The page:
Bicycling and raising children are back in fashion, and even a spectrum of “mindfulness.” So it’s not all sonics, automatons and the blogosphere. But if I try to strike up a conversation with a stranger on a bench, often he remains silent, looking at a tablet or whatever — not from any rudeness but simply because he assumes my comments are addressed to a cell phone. Thus, loving dogs and cats seems on the rise. You can hug them. Then hands-on affection is the coin of the realm. Yet when Web people who email and text ad infinitum do meet in person, they clasp and air kiss one another much more prevalently than in the past.

People of a certain age may remember the term “kissing cousins,” back when families were extensive and endearments subtly textured. Kisses and hugs at family reunions with relatives you liked the most were as central to living as having 700 Facebook friends “like” your post.

Imagine how the telephone would have transformed Facebook, if Facebook had been invented first. Hosanna! To listen to the human voice’s nuanced innuendos introduce emotion into the conversation. A sonorous voice’s physicality, a slap on the back or a bear hug are rare treats as texting XO’s and pretend kissing the slightest acquaintance met on the sidewalk become ubiquitous.

In the day when handwritten letters personalized our mood and character, distances were sometimes described “as the crow flies.” Scarecrows still stood sentinel in countless fields, not just once a year on a Halloween float. And a man could be described unflatteringly as a toad, a mule, an ox, a cockscomb, a turkey, an old goat, or somebody who chickened out. Chicken Little, the tortoise and the hare and “crying wolf” were memorable metaphors in kindergarten. When footballs were called “pigskins,” a father might warn his son against blowhards by pointing out that on a train “the steam that toots the whistle is not the steam that drives the wheels.” At home, his mother could grouse, “your room looks like a pigsty.” Lonely bachelors circled a dance floor with a “taxi dancer” for a buck or two or patronized a burlesque house where the women on stage wore pasties and a thong, if they weren’t somebody’s beau.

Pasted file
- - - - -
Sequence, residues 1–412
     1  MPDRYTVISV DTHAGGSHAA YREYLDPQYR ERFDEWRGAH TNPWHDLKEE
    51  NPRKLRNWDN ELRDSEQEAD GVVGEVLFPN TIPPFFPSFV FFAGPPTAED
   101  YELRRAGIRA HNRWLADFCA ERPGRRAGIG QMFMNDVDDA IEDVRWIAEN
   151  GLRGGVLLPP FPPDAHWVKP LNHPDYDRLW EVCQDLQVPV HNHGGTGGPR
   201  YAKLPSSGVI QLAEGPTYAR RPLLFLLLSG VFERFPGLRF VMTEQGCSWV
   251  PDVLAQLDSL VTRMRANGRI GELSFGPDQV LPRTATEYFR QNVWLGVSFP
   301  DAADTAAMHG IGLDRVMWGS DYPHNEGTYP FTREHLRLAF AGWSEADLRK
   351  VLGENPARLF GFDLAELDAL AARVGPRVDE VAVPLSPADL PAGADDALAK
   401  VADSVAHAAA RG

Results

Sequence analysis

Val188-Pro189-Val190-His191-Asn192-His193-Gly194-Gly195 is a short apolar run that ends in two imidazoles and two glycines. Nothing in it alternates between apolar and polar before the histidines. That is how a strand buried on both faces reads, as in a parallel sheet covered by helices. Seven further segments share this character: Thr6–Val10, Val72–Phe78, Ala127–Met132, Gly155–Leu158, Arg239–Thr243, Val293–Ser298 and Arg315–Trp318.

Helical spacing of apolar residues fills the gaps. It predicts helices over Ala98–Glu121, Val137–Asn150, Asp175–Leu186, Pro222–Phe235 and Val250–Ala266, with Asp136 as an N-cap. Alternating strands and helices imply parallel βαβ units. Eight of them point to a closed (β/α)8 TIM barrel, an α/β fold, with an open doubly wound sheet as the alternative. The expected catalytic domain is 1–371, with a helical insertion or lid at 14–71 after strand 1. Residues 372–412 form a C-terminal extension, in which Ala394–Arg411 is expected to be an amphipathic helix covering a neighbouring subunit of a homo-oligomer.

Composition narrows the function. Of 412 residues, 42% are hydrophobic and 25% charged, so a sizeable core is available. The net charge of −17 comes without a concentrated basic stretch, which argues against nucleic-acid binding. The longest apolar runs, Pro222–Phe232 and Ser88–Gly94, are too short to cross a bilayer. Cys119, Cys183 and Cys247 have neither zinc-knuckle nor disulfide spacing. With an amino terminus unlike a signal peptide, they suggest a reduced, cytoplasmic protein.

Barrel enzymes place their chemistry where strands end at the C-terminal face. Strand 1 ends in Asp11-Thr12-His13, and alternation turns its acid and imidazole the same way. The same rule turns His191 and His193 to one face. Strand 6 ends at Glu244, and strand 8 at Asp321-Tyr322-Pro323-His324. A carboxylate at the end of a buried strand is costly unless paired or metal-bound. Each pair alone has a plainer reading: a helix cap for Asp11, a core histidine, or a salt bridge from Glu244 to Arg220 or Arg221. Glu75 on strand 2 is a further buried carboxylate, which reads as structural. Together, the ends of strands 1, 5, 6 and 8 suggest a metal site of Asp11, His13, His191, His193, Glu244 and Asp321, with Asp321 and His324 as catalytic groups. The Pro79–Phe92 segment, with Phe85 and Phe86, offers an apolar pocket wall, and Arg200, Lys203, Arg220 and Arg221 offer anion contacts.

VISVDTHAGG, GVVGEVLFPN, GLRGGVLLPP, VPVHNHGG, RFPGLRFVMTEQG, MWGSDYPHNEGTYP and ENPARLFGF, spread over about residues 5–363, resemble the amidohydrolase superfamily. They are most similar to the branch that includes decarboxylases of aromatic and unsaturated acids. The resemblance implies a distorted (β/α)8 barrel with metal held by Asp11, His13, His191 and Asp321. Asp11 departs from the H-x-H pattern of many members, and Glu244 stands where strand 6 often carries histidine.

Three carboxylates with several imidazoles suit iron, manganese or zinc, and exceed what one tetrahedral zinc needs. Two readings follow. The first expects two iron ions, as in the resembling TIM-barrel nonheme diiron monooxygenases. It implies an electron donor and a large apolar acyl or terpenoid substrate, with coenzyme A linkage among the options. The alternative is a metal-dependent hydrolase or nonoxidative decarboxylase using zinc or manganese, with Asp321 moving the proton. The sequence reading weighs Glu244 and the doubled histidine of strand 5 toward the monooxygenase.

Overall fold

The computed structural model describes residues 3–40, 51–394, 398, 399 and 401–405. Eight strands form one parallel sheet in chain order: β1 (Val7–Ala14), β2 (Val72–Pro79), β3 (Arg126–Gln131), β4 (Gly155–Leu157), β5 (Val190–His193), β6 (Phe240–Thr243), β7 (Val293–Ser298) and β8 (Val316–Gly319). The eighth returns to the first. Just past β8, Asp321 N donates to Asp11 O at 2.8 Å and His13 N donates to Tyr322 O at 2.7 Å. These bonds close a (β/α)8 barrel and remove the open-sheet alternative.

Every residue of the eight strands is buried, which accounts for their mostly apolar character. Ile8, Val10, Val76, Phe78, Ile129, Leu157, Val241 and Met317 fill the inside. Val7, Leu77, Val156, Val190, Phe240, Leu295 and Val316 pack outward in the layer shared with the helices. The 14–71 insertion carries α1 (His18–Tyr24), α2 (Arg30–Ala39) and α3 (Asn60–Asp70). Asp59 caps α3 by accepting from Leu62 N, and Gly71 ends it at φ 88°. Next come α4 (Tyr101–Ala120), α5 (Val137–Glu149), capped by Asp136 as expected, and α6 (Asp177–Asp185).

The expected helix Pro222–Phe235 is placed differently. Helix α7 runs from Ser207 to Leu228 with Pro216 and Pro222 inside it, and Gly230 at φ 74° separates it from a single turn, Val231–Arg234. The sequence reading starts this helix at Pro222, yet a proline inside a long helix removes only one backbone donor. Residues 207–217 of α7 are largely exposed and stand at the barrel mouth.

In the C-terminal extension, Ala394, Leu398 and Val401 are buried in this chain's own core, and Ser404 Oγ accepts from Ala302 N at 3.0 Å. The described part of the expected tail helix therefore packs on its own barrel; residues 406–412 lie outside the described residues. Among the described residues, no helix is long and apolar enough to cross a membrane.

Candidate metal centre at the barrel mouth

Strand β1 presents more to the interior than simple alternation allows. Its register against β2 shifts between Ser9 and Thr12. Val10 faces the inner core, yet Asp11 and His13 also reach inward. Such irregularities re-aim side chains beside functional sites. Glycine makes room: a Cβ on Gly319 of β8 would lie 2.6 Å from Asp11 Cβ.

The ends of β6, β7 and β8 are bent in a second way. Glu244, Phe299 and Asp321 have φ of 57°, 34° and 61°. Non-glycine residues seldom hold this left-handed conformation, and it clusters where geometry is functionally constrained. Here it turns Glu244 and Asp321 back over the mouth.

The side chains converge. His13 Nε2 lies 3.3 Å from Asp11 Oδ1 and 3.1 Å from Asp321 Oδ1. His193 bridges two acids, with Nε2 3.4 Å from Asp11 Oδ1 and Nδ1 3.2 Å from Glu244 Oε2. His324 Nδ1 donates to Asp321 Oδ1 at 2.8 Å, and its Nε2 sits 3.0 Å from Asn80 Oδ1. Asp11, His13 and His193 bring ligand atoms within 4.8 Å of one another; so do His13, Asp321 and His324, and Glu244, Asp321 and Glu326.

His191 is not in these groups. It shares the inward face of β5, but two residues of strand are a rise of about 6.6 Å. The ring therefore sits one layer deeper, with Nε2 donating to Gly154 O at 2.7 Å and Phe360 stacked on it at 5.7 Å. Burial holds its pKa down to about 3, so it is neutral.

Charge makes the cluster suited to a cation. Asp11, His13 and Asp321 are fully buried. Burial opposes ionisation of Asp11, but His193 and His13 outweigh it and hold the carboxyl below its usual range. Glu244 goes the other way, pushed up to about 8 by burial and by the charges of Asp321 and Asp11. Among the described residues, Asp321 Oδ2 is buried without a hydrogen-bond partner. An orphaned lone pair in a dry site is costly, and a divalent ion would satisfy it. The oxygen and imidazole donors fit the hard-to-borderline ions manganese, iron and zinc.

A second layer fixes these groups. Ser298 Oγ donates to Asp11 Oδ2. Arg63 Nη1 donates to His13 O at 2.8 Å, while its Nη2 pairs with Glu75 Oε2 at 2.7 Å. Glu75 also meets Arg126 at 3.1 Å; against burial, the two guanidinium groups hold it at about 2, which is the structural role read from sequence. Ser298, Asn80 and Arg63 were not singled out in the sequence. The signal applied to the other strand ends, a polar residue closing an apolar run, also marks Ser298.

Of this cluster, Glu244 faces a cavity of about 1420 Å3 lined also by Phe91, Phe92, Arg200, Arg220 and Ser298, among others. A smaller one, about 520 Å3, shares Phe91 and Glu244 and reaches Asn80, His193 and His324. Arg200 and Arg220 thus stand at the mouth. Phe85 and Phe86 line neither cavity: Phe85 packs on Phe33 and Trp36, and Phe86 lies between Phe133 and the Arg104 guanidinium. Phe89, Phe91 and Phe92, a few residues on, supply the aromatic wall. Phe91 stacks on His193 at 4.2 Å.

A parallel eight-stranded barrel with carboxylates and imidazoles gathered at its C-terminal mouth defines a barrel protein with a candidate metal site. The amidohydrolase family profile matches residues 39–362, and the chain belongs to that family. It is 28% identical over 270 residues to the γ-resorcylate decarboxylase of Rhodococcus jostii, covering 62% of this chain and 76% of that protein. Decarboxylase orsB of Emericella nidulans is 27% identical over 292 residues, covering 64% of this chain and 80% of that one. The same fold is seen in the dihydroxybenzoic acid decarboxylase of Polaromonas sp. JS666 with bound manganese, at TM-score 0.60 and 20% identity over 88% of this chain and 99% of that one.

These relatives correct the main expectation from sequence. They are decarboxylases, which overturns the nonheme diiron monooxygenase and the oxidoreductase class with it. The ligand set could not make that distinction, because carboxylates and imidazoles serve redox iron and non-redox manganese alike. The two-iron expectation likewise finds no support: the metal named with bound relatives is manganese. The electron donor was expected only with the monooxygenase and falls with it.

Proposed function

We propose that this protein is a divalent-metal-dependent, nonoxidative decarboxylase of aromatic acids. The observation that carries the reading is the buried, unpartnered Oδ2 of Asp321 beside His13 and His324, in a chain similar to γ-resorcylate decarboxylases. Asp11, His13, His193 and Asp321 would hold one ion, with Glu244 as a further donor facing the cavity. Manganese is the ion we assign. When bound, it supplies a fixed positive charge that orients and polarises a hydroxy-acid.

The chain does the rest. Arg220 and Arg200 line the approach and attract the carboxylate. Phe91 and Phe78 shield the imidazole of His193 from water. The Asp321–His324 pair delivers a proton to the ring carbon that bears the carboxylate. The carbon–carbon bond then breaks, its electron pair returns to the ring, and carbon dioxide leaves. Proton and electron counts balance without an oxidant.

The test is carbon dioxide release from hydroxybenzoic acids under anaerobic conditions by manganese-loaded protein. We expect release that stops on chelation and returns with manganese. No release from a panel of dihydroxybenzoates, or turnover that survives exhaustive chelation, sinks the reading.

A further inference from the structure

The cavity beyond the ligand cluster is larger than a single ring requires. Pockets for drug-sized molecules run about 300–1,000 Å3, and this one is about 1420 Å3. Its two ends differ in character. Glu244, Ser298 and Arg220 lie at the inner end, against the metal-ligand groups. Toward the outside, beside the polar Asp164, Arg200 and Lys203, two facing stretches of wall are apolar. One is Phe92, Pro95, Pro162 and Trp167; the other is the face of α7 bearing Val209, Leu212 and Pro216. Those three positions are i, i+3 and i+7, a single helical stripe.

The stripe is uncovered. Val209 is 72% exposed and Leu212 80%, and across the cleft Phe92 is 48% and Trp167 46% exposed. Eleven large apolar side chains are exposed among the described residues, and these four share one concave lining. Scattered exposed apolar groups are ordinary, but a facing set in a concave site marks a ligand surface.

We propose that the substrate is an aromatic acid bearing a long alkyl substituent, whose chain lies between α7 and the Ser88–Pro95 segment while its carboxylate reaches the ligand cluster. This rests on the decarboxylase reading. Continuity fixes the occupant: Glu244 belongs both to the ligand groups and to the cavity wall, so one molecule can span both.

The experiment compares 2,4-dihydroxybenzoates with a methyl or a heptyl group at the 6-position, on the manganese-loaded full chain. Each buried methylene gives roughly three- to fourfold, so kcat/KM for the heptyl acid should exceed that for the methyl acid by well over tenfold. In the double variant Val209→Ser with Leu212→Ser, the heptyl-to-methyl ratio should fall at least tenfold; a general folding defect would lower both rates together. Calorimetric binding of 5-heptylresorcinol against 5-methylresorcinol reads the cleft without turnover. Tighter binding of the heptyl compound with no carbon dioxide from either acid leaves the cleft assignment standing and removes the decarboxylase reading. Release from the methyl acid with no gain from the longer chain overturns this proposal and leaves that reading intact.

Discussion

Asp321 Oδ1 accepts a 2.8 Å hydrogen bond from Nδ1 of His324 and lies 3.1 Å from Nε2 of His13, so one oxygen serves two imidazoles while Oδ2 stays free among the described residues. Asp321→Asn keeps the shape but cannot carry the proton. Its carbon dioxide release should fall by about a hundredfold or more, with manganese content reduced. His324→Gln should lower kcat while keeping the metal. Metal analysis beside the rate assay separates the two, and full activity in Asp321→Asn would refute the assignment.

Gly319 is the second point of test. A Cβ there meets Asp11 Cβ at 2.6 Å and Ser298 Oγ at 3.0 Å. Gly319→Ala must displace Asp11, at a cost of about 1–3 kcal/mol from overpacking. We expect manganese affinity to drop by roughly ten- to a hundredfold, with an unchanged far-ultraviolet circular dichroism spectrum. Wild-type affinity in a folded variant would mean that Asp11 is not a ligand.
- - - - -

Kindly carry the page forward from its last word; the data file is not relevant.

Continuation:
I’m not saying there should not be hookups or instant messaging worldwide. We are globalized. But I am concerned that instant gratification is so thin it flakes off. I care that strangers seldom chat on benches in the park. It will profoundly alter civil life if people prefer cyberspace to face-to-face.

New words like crowd sourcing and Twitter spring up. Meanwhile, handwriting as personality and the human voice enriching the gamut of emotions are vanishing. Mark Zuckerberg, Facebook’s founder, seems to have gone wooden, for example, devoid of both expression and body language when he is on screen. The orifice of our mouth boasts such a range of intimacies, but grinning and puckering, like tears, don’t convert to text.

Nostalgia is not my point. We still hang out bird feeders, but digital electronics should not supplant blood kin, handshakes, kindred elbowing, eye-to-eye persuasion and our voices inflective fluidity. I want gestures, voices, handwriting, smiles and even kisses to remain significant.

Edward Hoagland is the author of over 20 books and hundreds of essays. He lives in Edgartown.